My comparisons between philosophy and Buddhism were largely sparked by conversations about Philosophy with Monk Anthony. A newly ordained Monk who reminds me a lot of myself at his age trying to figure out what I want to do but also questioning everything we are told.

While discussing the merits of various thinkers, links were constantly drawn to Buddha and the teachings of Buddhism. Plato’s cave allegory was linked to Buddha achieving Enlightenment, Descartes’ ‘cogito ergo sum’ and the concept of the non-self, Camus’ absurdist thinking and Buddhist focus on the present. The most incredible part of our conversations is when you look at how old Buddhism is and its increasing relevance in today's society.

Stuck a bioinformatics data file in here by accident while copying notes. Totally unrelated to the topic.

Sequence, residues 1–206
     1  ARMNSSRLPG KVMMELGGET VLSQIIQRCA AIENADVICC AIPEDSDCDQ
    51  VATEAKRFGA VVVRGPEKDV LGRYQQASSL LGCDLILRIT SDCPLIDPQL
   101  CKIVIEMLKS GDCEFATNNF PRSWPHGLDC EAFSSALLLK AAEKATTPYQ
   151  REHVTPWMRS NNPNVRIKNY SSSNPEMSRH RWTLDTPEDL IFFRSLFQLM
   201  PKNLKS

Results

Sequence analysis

When I began my travels I never anticipated becoming interested in Buddhism, or any religion for that matter, yet I was drawn in by its practical, applicable teachings and practices. But rather than let me, a walking cliché (a Westerner preaching about the benefits of Buddhism after living in Asia for a short time), explain what it's all about, I spent some time making a short film project all about Buddhism in Laos.

Luke T.

21 July 2017

An Experience Shared by All

Last year I wrote a blog questioning peoples’ motives for travel and my own disdain for the word “tourist”. Originally, I wanted to title the post ‘Why I hate travelling alone’ but divulged into a pretentious post about tourism. Read it here.